This time I want to write about two different mythologies. Probably the two fundamental mythologies of mankind. Which one of them is dominant influences our collective values and behavior. I call the first mythology “Original Sin” and the second “Innate Goodness “.
“Original sin” is a mythology of fundamental suspiciousness of (mother) nature. It therefore posits that the innermost nature of mankind is ruthless and egoistic. To control the “inner”, a system of imposed morality and law & order is established and enforced. Rationality and self-restraint are highly valued character traits. The heavens are ruled by a masculine, omniscient, monarchical, supreme judge who has the power of ultimate punishment. Because humans are natural born sinners, they are in constant need to (im)prove themselves. Thus, work ethic is high, “doing”, efficiency and functionality is emphasized and there is a fetish of progress. This explicit orientation towards purpose and the future fuels desires and anxieties which motivate humans to create highly complex and sophisticated civilizations. Because always living for the future excludes the possibility of ever arriving “there”, civilization dis-eases like ongoing dissatisfaction and cynicism become prevalent. And because constantly doing something for a specific purpose prevents relaxation, a feeling of being caught in a rat race makes humans seek for meaning.
The anti-thesis to efficient but meaningless “Original Sin” is the mythology of “Innate Goodness”. Once we change the assumption of nature being untrustworthy, the whole mythology reverses itself. If there is reverence for (mother) nature, there will be the belief that the innermost core of a human being is gentle. Intuition and spontaneity are therefore the best ways to “control” behavior, not imposed morals, laws or a strict, fatherly God. Yielding and letting go are highly valued character traits and there is no need to (im)prove anything because the universe (including all humans) is already “perfect” (in its imperfection). Pain is completely unnecessary for gain. Thus, as opposed to a work ethic humans will have a strong life ethic. Efficiency, functionality and progress are not emphasized but “being” in accord with nature is. This explicit orientation to purposelessness and the present moment leads to deep rest and relaxation. There is a sense of “never not there” which brings natural joy and, thus, meaning to life.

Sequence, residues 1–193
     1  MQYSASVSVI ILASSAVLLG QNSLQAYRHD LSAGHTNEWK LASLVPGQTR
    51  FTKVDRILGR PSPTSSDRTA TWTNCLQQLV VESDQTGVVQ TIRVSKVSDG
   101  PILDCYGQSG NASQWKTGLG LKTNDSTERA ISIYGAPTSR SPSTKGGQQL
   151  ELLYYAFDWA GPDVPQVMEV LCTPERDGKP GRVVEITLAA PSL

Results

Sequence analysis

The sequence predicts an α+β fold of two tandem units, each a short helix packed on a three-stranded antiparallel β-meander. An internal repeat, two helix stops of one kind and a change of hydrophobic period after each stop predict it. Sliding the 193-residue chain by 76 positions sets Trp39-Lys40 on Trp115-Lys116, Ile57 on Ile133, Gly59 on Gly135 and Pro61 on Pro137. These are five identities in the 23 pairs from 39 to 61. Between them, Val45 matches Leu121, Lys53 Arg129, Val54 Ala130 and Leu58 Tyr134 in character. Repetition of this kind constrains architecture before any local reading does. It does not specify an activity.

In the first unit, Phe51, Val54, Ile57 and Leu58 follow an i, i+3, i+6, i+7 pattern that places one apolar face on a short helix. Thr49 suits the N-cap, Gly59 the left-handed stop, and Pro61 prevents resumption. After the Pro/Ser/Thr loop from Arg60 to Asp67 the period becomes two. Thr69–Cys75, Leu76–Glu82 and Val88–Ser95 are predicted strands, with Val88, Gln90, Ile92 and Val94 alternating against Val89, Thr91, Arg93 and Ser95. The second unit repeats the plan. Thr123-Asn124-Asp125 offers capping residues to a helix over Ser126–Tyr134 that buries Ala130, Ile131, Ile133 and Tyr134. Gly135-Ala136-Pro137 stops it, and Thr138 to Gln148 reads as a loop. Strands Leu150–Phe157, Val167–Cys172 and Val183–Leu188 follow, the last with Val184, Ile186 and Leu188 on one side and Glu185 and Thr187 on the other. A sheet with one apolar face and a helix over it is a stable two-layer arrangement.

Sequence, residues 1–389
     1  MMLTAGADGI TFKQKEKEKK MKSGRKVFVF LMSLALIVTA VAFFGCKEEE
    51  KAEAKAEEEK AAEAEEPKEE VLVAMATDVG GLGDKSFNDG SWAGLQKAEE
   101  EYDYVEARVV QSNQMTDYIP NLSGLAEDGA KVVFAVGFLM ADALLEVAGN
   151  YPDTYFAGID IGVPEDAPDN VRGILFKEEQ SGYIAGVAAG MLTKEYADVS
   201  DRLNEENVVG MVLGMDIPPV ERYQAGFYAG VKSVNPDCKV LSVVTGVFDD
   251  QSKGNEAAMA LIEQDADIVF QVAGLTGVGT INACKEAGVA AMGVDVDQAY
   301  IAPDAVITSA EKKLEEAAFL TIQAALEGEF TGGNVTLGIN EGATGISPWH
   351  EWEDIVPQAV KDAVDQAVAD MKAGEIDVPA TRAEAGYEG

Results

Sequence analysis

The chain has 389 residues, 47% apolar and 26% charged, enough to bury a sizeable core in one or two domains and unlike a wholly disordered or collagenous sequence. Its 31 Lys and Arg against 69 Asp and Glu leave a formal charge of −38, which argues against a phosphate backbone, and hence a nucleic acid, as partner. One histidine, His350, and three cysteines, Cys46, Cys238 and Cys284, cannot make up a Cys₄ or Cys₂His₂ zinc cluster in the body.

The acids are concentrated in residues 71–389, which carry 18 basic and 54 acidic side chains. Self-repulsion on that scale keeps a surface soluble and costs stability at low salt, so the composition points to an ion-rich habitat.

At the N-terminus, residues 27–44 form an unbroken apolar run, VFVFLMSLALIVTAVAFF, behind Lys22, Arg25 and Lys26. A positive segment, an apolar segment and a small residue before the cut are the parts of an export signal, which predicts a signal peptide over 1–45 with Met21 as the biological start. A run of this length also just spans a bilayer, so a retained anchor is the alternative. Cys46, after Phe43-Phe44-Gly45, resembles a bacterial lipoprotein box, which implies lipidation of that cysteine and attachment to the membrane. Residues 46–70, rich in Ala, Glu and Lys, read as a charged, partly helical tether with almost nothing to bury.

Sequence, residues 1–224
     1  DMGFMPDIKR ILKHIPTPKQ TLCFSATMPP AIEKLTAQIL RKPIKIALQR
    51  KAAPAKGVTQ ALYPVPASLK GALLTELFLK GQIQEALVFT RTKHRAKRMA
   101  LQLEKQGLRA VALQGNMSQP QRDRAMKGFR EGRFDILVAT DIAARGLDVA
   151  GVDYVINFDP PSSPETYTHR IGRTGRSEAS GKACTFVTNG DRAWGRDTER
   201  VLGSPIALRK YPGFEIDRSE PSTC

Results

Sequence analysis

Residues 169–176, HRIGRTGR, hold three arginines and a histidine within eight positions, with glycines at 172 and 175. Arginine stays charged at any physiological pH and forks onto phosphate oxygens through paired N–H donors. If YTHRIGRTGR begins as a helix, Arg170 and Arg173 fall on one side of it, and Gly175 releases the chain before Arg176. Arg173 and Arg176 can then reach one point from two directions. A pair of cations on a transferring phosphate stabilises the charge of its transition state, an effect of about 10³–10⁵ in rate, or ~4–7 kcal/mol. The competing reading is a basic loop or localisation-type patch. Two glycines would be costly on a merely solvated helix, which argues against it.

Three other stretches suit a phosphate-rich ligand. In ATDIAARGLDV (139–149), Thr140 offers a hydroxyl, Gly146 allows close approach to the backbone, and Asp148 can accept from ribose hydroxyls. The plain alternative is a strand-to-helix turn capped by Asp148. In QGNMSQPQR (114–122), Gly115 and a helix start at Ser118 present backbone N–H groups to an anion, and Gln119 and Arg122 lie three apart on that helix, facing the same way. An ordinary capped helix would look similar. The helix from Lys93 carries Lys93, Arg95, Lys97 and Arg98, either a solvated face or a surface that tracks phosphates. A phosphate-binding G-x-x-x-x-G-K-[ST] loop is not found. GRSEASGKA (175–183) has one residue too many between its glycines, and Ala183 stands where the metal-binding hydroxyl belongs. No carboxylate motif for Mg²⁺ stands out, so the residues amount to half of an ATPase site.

I see these two mythologies as expressions of the primordial principle of Yin and Yang. It is therefore not surprising that Yin mythologies usually come out of Yang dominated societies and civilizations (think of Taoism as the anti-thesis to Confucianism, Buddhism as a movement of discontent with Vedic Brahmanism or the Hippie/ Human Potential movement as a dissociation from Consumerism). Whenever Yin and Yang get out of balance, even on the largest scales, there will be a natural corrective movement.
From that follows that neither of these mythologies constitute the Truth. Both comprise half the Truth. There is as much benevolence as cruelty in the universe. While the Yang mythology deals with our lower three Chakras (which are important for survival), the Yin mythology addresses the upper three (providing meaning). When they are in balance, the middle Chakra, the heart that embraces it all, opens. As this happens, we become a “whole” human being, transcending “good” and “evil” to settle into equanimity, compassion and sympathetic joy.
The very fact that so much of us are interested in spirituality shows that we have understood that a lack thereof makes us unbalanced, lopsided human beings. All societies need spirituality, but not of the “doing”, goal-oriented, self-improvement kind. That will only reinforce our Yang tendency. What we really need now is more love and respect for ourselves, and I think we are about to wake up to that.
“The truth of Zen, just a little bit of it, is what turns one’s humdrum life, a life of monotonous, uninspiring commonplaceness, into one of art, full of genuine inner creativity.”